An implicit ethic of aiming to take better care of the world, “to fold a spirit of presumptive generosity for the diversity of life into your conduct” by not becoming too enamored with human agency resides in this philosophy/faith. In the entanglements she explores between human and non-human materiality—a “heterogeneous monism of vibrant bodies” —one can discern similar ethical concerns in Jane Bennett’s Vibrant Matter. “It seems necessary and impossible to rewrite the default grammar of agency, a grammar that assigns activity to people and passivity to things.” Conceptualizing nature as “an active becoming, a creative not-quite-human force capable of producing the new” Bennett affirms a “vital materiality [that] congeals into bodies, bodies that seek to persevere or prolong their run,” (p. 118, emphasis in the original) where “bodies” connotes all forms of matter. And she contends that this vital materialism can “enhance the prospects for a more sustainability-oriented public.” Yet, without some normative criteria for discerning the ways this new materialism can work toward “sustainability,” it is by no means obvious how either a declaration of faith in the “radical character of the (fractious) kinship between the human and the non-human” or having greater “attentiveness to the indispensable foreignness that we are” would lead to a change in political direction toward more gratitude and away from more destructive patterns of production and consumption. The recognition of our vulnerability could just as easily lead to renewed efforts to truncate or even eradicate the “foreignness” within.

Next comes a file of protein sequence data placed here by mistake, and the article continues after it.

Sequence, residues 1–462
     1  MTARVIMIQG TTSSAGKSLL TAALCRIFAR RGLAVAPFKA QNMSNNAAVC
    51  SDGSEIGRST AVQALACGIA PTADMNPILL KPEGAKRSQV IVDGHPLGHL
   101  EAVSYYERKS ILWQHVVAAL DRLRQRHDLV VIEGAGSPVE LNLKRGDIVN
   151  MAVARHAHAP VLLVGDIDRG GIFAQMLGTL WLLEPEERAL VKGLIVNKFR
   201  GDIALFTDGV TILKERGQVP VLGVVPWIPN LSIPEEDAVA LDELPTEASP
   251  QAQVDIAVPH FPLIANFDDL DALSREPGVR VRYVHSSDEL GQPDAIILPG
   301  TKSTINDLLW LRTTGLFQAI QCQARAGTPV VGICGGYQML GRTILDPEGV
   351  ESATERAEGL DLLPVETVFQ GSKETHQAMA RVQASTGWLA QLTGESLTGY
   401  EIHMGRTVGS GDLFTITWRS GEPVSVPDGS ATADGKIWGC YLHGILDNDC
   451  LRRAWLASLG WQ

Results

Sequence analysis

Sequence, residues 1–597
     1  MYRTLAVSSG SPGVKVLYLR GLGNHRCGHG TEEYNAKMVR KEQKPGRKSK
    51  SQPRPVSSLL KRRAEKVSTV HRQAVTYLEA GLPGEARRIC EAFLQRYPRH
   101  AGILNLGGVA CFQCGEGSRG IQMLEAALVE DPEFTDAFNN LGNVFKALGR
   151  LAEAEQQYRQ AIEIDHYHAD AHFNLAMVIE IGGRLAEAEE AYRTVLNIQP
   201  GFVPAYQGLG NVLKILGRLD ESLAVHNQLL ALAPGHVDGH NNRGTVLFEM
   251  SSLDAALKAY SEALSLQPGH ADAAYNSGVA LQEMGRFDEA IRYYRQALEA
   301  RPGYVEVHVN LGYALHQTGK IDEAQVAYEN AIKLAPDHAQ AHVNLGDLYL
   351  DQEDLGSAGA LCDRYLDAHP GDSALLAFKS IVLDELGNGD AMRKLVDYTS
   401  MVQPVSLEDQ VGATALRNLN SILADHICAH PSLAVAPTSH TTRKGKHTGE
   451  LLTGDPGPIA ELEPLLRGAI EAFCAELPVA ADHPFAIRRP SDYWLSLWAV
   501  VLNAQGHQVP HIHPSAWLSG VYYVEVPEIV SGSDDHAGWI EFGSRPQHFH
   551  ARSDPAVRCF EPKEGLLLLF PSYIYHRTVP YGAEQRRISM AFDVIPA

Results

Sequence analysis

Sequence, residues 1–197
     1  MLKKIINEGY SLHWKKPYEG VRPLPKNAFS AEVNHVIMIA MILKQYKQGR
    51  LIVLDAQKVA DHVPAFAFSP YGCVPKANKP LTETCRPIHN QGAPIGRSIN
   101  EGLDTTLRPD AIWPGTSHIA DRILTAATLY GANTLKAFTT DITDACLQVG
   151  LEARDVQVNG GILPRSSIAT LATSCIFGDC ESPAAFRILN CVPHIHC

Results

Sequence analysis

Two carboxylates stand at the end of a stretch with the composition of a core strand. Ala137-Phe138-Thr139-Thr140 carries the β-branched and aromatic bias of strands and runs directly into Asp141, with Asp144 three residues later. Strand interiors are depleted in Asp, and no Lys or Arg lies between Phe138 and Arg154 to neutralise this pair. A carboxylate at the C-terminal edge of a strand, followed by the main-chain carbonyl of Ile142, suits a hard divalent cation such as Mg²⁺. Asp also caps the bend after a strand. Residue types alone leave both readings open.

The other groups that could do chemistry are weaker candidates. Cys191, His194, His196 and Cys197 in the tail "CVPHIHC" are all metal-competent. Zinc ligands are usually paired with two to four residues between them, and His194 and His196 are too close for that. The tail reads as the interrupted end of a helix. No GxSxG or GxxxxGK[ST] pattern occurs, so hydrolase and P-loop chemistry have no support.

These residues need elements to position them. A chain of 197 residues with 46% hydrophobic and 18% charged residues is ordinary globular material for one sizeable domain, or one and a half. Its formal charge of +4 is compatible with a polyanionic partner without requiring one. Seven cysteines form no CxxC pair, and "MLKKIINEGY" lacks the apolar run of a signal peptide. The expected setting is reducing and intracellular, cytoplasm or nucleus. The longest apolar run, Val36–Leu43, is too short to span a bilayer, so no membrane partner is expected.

Nonetheless, although these and other accounts call for a reconceptualization of concepts of agency and of causality, none pushes as far toward a productivist/performative account of matter and meaning as does Karen Barad’s theory of “agential realism.” Drawing out the implications of Niels Bohr’s quantum mechanics, Barad develops a theory of how “subjects” and “objects” are produced as apparently separable entities by “specific material configurings of the world” which enact “boundaries, properties, and meanings.” And, in her conceptualization, “meaning is not a human-based notion; rather meaning is an ongoing performance of the world in its differential intelligibility...Intelligibility is not an inherent characteristic of humans but a feature of the world in its differential becoming. The world articulates itself differently...[H]uman concepts or experimental practices are not foundational to the nature of phenomena. ” The world is immanently real and matter immanently materializes.
At first glance, this posthumanist understanding of reality seems consistent with Arendt’s own critique of Cartesian dualism and Newtonian physics and her understanding of the implicitly conditioned nature of human existence. “Men are conditioned beings because everything they come into contact with turns immediately into a condition of their existence. The world in which the vita activa spends itself consists of things produced by human activities; but the things that owe their existence exclusively to men nevertheless constantly condition their human makers.” Nonetheless, there is a profound difference between them. For Barad, “world” is not Arendt’s humanly built habitat, the domain of homo faber (which does not necessarily entail mastery of nature, but always involves a certain amount of violence done to nature, even to the point of “degrading nature and the world into mere means, robbing both of their independent dignity.” (H.C., p. 156, emphasis added.) “World” is matter, the physical, ever-changing reality of an inherently active, “larger material configuration of the world and it ongoing open-ended articulation.” Or is it?